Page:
New twist in gun licence-for-sale probe – 2 COPS ARRESTED

The content originally appeared on: Trinidad and Tobago Newsday

File photo: Acting Commissioner of Police McDonald Jacob.

AFTER months of quiet, behind-the-scenes investigations, two high-ranking police officers from the Firearms Division of the TTPS were arrested on Tuesday in relation to alleged criminal conduct in that division including the pocketing of large sums of money for the fast-tracking of the application process for firearms users licences (FULs).

Senior police sources confirmed that the two, a Sergeant and the other who is a member of the First Division of the TTPS, were detained by officers from the Professional Standards Bureau (PSB) and the Financial Intelligence Unit (FIU).

The two were said to be still in custody on Tuesday evening assisting police in their investigations.

Formal investigations commenced after a report was submitted by retired Appeal Court Judge Stanley John, to the Police Service Commission (PSC) who had appointed him to investigate allegations of corruption in the Firearms Division.

A WELL-OILED

CRIMINAL ENTERPRISEJohn, in his report, described the system by which FULs are given as a, “well-oiled criminal enterprise.”

The report, published in the media, indicated that the system for processing FUL applications was dysfunctional and paved the way for corrupt activities. The report also named officers and businessmen involved in activities at the Firearms Division.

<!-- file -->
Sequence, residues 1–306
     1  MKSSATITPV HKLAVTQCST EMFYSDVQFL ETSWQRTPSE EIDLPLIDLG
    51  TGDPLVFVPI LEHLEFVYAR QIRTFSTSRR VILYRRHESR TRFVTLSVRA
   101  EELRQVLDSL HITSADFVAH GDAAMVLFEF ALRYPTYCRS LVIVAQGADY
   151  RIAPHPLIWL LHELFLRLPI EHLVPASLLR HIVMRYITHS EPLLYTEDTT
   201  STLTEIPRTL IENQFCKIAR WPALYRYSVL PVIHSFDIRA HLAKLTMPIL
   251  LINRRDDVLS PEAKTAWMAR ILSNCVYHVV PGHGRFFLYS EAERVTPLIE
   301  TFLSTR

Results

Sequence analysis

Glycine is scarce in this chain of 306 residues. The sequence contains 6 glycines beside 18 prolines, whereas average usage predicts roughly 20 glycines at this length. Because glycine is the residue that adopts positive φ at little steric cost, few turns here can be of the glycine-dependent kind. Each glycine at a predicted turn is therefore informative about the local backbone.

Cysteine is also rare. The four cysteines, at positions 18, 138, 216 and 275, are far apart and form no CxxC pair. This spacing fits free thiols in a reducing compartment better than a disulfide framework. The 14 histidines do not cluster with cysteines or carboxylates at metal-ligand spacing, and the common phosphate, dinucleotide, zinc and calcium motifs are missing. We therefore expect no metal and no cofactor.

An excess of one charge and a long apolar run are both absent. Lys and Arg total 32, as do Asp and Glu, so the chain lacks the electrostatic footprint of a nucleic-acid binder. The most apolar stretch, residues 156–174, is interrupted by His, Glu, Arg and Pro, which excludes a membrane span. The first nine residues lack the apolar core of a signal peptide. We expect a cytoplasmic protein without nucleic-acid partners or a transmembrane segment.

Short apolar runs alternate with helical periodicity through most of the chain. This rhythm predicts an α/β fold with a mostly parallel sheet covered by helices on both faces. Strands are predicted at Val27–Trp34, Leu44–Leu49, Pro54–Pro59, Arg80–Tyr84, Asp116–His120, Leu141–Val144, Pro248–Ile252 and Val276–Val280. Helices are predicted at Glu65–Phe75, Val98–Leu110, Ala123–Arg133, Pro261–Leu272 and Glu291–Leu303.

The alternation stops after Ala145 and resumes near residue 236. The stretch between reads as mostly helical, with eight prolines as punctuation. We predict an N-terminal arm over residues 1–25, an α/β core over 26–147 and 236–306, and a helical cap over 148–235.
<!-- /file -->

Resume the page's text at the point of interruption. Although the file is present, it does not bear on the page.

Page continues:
The report said more than 4,030 provisional permits, 6,832 FULs and seven firearm dealers licenses were issued during the three-year period in which Gary Griffith was police commissioner, as compared to a total of 3,812 FULs, 285 provisional licenses and three firearm dealers’ licenses issued in the ten years, prior to Griffith’s appointment.

John’s report indicated that people got FULs approved following less-than-thorough investigations were carried out. Of concern too, was the trend that some applicants were given permission to own multiple firearms.

While these provisions are provided for in the Firearms Act, the report showed that the licenses were issued within days, and in some cases on the same day of the application for the special license (to own more than one firearm).

UNCONCERNED: Former police commissioner Gary Griffith. File photo.

GRIFFITH:

SO WHAT?

Contacted for comment on Tuesday, former commissioner now political aspirant Griffith said he was was not concerned over the arrests of the two officers, saying police officers have been arrested and detained for questioning before.

“We have seen dozens of police officers arrested and suspended for all sorts of things on a regular basis because that happens in all police services around the world. Every single week, police officers are arrested and suspended. So why should it be a concern for me today?”

Griffith scoffed at the arrests, claiming that the entire investigation was politically motivated.

“After over a year – or 18 months practically – when (Stanley) John spoke about a well-oiled criminal industry, one would have expected hundreds of police officers to be arrested by now.

“But up to now, only two have been held for questioning. Even when I was commissioner we held more officers for criminal activities pertaining to firearms.

“This shows that when politicians decide to interfere, to hand-pick people who they know and who have no investigative training (to conduct enquiries) they would ultimately put their foot in their mouth and embarrass the police service,” Griffith said.

Attempts to reach Ag Commissioner of Police McDonald Jacob for a comment were unsuccessful.